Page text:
Is Russia Manipulating the UK Elections?
Labour leader Jeremy Corbyn showing records on UK trade talks with the US.Alex Lentati/London News Pictures via Zuma
With less to a week to go before the United Kingdom heads to the polls on Thursday for a nearly unprecedented December parliamentary election, the race has been rocked by suspicions that Russia was involved in spreading secret leaked records that have become central to the debate. The chain of events raises the possibility that, just as in the United States in 2016, online forces linked to the Kremlin are working to shape the information landscape as a national election of enormous consequence unfolds.
Ever since the UK voted narrowly to approve a June 2016 referendum backing the country’s exit from the European Union, the question of how or whether to enact that result has wracked its political institutions and alignments. But some truths persist: the National Health Service, the government-run and -owned heath care program remains enormously popular, as both the major candidates to be prime minister, incumbent Conservative Boris Johnson and Labour leader Jeremy Corbyn, debate plans to shower the country with more hospitals, nurses, and appointment times. Another immovable fact is President Donald Trump’s toxicity in the country, as in most western democracies.
On Saturday, Corbyn was asked if Labour might be benefitting from a Russian trolling operation.If the UK is ever to exit the EU, as Johnson wants, one of the first and most important orders of business, Conservatives say, will be to negotiate new trade agreements around the world that will usher in waves of investment and trade—infusions that, in most economists’ eyes, will be desperately needed to blunt the harm of decreased access to mainland Europe’s massive markets. Perhaps the biggest plum would be a trade pact with the United States, on as advantageous terms as possible.
Even though Brexit is far from a finished matter, the US and UK have been meeting to discuss their future relationship since at least since July 2017, and since Johnson’s party put him in 10 Downing Street this summer, his ultimate counterpart in those negotiations has been Trump.
One of Corbyn’s main attacks has been to suggest that the National Health Service would be damaged by a continued Johnson government, and jeopardized by his trade negotiations with the much-reviled Trump administration. Labour has had trouble describing the exact nature of the risk, but as the UK’s election campaign kicked off in late October, President Trump’s impeachment has provided a handy running illustration of his willingness to be underhanded when negotiating with foreign heads of state.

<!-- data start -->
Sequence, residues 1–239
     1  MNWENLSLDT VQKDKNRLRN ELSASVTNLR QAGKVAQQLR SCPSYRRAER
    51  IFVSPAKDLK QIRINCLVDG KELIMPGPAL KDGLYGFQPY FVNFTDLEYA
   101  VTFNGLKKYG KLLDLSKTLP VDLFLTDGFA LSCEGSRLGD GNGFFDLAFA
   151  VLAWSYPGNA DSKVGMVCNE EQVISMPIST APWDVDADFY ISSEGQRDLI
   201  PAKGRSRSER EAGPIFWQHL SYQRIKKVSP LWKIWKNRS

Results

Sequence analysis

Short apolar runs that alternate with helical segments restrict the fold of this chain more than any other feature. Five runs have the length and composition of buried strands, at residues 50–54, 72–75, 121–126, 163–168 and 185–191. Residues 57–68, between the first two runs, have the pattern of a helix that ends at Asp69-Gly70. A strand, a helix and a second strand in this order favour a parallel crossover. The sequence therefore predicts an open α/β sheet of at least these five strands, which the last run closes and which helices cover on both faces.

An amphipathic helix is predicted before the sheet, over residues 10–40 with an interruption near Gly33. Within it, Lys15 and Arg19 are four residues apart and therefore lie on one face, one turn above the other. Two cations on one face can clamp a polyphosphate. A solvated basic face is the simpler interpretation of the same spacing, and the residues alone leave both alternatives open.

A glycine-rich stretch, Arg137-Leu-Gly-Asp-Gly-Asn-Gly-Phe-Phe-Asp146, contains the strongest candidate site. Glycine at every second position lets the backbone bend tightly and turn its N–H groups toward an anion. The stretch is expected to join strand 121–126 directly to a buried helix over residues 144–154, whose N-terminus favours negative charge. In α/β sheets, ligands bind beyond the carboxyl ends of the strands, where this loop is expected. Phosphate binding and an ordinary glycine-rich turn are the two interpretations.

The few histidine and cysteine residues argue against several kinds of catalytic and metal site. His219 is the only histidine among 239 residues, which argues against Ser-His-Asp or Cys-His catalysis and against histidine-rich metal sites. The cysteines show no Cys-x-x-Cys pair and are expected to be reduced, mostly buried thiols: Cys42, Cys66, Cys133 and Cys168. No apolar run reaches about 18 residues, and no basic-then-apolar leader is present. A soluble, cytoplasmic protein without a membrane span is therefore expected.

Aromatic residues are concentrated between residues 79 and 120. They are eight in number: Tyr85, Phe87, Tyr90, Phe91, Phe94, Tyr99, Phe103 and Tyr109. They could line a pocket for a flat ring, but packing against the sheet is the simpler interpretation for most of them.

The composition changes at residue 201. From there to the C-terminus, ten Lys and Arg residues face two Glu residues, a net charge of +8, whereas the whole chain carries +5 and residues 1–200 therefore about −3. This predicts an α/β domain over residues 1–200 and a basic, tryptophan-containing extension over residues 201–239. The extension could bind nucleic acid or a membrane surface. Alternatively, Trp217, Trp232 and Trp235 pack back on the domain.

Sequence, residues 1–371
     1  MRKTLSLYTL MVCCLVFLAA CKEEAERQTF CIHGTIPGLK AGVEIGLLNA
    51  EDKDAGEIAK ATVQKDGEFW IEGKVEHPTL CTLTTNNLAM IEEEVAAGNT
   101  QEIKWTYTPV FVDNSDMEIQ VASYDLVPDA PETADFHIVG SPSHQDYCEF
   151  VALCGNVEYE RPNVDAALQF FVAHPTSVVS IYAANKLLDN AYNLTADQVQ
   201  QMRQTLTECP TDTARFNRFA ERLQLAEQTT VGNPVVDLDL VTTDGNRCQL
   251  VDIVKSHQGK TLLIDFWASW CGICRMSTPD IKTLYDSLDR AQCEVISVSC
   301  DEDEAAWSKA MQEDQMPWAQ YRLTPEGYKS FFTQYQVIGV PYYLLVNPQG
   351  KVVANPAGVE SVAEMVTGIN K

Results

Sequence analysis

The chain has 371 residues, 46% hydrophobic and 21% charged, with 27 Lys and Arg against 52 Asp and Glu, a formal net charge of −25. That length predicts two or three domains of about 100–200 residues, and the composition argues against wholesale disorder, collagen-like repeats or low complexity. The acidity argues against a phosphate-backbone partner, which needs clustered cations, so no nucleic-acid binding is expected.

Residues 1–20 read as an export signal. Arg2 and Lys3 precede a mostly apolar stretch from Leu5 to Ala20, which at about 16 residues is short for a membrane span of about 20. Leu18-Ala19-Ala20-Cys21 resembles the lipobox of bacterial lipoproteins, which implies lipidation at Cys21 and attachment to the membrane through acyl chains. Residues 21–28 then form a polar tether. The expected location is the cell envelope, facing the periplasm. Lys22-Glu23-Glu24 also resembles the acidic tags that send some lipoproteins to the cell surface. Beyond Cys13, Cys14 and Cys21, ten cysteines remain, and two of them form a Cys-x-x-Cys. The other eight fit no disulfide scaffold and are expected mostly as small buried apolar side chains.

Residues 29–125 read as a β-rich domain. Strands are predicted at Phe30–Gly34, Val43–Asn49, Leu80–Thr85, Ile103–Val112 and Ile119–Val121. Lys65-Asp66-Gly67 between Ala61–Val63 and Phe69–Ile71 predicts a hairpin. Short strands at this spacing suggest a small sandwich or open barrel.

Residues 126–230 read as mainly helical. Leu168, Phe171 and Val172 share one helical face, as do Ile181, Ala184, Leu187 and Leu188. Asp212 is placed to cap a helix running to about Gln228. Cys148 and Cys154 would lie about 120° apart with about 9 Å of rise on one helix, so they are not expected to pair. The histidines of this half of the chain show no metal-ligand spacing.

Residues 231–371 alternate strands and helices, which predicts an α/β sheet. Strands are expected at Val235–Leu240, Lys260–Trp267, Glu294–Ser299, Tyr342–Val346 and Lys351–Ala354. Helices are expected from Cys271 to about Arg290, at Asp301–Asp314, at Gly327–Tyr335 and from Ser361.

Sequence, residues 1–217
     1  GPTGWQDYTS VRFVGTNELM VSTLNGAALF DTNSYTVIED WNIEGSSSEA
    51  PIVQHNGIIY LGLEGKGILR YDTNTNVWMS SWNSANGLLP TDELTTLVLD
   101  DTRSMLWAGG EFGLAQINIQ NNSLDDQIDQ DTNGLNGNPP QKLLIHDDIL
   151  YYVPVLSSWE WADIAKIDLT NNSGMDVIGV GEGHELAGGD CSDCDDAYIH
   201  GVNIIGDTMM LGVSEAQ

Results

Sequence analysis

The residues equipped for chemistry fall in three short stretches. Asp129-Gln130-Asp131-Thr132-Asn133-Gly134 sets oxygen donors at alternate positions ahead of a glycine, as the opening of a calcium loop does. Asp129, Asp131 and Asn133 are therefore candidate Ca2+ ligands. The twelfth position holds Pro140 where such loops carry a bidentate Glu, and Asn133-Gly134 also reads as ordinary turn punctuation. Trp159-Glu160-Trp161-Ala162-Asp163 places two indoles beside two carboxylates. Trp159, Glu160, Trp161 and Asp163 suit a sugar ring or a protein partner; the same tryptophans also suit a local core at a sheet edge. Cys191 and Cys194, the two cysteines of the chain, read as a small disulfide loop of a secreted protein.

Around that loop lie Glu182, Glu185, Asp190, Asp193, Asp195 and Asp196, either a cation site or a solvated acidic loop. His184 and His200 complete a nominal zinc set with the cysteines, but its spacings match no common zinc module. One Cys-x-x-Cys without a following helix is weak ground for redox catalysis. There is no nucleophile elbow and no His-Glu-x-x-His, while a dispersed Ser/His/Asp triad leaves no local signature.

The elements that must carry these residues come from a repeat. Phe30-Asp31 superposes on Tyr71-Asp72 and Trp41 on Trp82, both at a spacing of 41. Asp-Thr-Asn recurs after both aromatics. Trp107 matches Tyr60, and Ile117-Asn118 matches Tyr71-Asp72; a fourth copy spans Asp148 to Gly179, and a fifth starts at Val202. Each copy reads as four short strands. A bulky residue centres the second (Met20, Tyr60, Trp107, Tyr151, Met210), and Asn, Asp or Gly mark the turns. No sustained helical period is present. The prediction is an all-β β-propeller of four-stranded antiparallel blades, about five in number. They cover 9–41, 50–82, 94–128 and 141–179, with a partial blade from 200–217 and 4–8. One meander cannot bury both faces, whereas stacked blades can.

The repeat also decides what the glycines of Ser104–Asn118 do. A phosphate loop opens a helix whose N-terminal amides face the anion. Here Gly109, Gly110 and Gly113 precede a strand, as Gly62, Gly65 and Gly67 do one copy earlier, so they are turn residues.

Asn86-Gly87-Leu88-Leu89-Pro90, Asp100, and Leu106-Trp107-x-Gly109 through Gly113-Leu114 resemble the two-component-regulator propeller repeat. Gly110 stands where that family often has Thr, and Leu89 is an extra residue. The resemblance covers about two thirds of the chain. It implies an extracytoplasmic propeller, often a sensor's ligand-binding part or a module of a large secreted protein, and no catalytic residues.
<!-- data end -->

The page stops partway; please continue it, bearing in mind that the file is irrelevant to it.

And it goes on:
Though Johnson has repeatedly promised that the NHS would be “off the table,” a new trade agreement conceivably could provide greater access for US companies to the UK’s protected medical markets. In late November, Corbyn brandished printouts from 451 pages of leaked documents related to the trade negotiations with the US, suggesting they represented a smoking gun demonstrating the NHS had indeed been the topic of negotiations. Most concretely, he pointed to discussions detailed in the papers governing drug patents that he argued would result in more expensive medication.
While Corbyn and Labour seemed to portray the documents as a recently uncovered smoking gun, the Conservatives responded by saying they had already been online for some time. That seems to be the case. Who put them there is another question.
According to a statement issued late on Friday by Reddit, where an anonymous user posted the documents in late October, promotion activity around the documents links them to a organized group originating in Russia that the company says it has caught operating on the platform. While the simplest explanation is that the Labour party downloaded the records from Reddit like many others or was given them by someone who had, Corbyn has declined to detail exactly where the party got the documents. He has argued no one denies their authenticity.
On Saturday, Corbyn was asked if he thought his party might be benefitting from a Russian trolling operation. While he said “there should be no interference in British politics by anybody else,” he dismissed the question as “nonsense.”
While Democrats on the United States Senate Intelligence committee compiled evidence suggesting Russia may have interfered in the 2016 Brexit referendum, the UK’s own inquiry examining the matter remains unpublished. Dominic Grieve, a former Conservative member of parliament who oversaw the drafting of the report, has protested the Johnson’s government’s decision not to publish it before this month’s election as “jaw-dropping,” saying it contained information “certainly pertinent” to the contest.
Opinion polls show Johnson and the Conservatives with a persistent lead over Corbyn’s Labour, indicating Johnson is well-positioned to secure the outright parliamentary majority he would need to push through the country’s official exit from the European Union and begin complicated trade negotiations with both Europe and new partners that are widely expected to stretch the better part of a decade. But the United Kingdom’s voters, starkly divided on regional lines and faced with a kaleidoscope of smaller parties beyond Labour and the Conservatives, could return a hung parliament where Labour is given an opportunity to work with others to, as they have promised, mount a second referendum that would, after decades of debate, give the country another chance to call off Brexit and remain a member of the European Union.